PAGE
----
Forum for Science, Industry and Business

Sponsored by:     3M 
Search our Site:

 

Bacteria Use Plant Defence for Genetic Modification

19.10.2007
Bacteria that cause tumours in plants modify plant genomes by skilfully exploiting the plants' first line of defence. Utilising the plant's own proteins, bacterial genes infiltrate first the nucleus then the plant genome, where they reprogramme the plant's metabolism to suit their own needs. This process was recently discovered as part of an Austrian Science Fund FWF project and was published today in SCIENCE.

The genetic manipulation of plants is both, a subject of great controversy in Europe and a tactic already practiced by certain bacteria. The soil bacterium known as crown-gall bacterium (Agrobacterium) manipulates the genetic make-up of plants by inserting its own DNA into the nuclei and, consequently, into the genetic material of the plant cells. The genetically modified plants are then reprogrammed to ensure uninhibited cell division and produce nutrients to feed the bacteria. What was not previously understood is exactly how bacteria genes infiltrate the cell's nucleus – particularly as the defence mechanisms of plant cells react so rapidly to bacterial invasion.

WEAK DEFENCES
A surprising detail of this process has now been uncovered by the team of Prof. Heribert Hirt working at the Max F. Perutz Laboratories at the University of Vienna and the URGV Plant Genomics Institute near Paris which Hirt joined as future director earlier this year. VIP1, a plant cell protein, is at the heart of their research. It was already known that this protein supports the transport of bacterial DNA known as T-DNA into the nucleus, and yet the exact role of VIP1 was unclear. Prof. Hirt explains: "We were able to show that VIP1 is a protein that regulates various genes designed to defend against bacterial invasion. However, VIP1 only occurs initially in the cytoplasm of cells and – in order to fulfil its role as a regulator – it then needs to migrate into the nucleus. It is precisely this movement that the bacterium exploits in order to inject its T-DNA into the nucleus." Prof. Hirt compares this strategy, which inevitably means that the plants own defences cause its downfall, to the famous Trojan Horse.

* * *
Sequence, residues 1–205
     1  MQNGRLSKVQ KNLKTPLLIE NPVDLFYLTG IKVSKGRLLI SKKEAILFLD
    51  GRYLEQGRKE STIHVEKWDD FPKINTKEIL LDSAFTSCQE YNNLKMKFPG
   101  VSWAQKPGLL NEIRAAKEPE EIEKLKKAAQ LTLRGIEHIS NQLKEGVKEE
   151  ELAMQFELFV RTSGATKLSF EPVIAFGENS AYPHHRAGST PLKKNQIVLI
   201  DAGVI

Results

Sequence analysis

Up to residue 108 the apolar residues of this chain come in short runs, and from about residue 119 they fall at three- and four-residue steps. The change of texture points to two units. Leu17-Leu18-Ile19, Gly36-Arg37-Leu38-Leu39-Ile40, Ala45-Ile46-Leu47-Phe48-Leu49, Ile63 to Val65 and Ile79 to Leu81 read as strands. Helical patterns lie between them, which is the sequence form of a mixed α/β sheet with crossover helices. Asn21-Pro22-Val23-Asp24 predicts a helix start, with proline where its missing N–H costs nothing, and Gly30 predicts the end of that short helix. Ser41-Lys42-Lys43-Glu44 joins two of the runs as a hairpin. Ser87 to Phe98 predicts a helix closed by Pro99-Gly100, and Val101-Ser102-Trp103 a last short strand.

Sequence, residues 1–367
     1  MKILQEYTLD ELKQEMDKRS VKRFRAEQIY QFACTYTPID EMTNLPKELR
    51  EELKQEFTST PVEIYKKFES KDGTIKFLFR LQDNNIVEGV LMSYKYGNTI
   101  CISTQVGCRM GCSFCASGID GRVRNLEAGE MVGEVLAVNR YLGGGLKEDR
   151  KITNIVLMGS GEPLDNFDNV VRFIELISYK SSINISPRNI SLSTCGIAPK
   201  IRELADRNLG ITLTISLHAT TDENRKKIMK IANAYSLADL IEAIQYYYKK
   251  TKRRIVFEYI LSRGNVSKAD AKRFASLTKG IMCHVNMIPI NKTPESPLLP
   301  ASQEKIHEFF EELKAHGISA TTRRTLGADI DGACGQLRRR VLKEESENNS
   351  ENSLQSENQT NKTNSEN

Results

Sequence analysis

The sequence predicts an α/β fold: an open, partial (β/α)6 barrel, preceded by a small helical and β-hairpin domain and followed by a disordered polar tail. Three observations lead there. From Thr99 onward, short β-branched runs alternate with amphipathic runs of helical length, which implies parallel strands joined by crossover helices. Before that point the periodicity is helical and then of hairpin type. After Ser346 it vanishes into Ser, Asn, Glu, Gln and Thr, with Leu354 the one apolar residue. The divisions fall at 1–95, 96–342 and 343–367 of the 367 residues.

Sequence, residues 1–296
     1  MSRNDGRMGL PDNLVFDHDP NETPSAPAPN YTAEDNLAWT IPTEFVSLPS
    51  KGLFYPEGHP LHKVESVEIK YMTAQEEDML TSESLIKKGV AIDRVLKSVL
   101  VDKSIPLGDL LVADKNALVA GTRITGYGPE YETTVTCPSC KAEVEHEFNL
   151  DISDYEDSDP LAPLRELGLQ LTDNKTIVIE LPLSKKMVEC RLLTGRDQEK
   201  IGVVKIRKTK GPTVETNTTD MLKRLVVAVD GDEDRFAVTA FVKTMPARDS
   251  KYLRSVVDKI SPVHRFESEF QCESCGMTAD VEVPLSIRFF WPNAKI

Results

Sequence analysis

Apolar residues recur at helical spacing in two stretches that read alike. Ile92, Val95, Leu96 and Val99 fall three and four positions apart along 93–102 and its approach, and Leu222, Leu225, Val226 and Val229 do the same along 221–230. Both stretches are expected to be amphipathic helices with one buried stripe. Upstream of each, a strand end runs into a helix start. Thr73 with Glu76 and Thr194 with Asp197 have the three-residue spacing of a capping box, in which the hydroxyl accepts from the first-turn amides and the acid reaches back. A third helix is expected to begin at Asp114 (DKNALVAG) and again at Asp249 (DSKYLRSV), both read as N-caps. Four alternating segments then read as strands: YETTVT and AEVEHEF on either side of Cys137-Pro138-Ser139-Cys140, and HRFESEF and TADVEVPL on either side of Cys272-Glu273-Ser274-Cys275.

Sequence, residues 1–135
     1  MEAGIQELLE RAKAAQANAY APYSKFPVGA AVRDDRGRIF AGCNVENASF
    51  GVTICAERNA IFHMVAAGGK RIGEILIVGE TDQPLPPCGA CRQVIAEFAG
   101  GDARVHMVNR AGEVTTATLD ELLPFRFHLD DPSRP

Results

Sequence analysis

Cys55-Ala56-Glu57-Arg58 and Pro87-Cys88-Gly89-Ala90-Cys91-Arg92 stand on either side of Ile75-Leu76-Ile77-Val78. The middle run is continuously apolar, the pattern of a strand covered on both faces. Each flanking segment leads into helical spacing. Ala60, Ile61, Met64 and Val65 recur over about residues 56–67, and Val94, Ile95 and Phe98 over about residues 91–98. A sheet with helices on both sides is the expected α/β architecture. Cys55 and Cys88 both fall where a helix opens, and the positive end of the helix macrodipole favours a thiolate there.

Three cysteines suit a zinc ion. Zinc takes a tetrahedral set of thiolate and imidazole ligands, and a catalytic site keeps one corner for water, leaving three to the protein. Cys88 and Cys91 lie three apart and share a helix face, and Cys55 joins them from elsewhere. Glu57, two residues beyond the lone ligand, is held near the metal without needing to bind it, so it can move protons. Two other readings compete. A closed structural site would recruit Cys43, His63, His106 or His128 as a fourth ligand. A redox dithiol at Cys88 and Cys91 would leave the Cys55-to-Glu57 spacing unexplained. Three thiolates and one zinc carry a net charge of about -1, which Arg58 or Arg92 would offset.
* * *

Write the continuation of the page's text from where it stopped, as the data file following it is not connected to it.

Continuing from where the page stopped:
FRIEND & FOE
Prof. Hirt explains further – "Plants have an immune defence mechanism that is triggered when the plant detects certain molecules of the invader and works by activating genes in the nucleus." Once the invader has been detected, specific protein kinases in the cytoplasm are activated. These are enzymes that regulate the activity of other proteins by adding phosphate groups to them. One of the proteins phosphorylated by these protein kinases is VIP1, which is only granted access to the nucleus after this phosphorylation, so that it can activate the relevant defence genes there.

The following model illustrates the early processes in an infected plant cell. The invasion of T-DNA and the identification of the bacterium as an invader occur simultaneously. While protein kinases phosphorylate VIP1 in the cytoplasm, the bacterial T-DNA adheres to VIP1, thereby enabling it to infiltrate the nucleus unnoticed. The result is the joint infiltration of both friend and foe. Once inside the nucleus, the T-DNA is inserted into the plant genome and the process of tumour formation begins while the activated defence genes simultaneously organise the plant cell's defence mechanisms. It is too late though – the cell has already been transformed.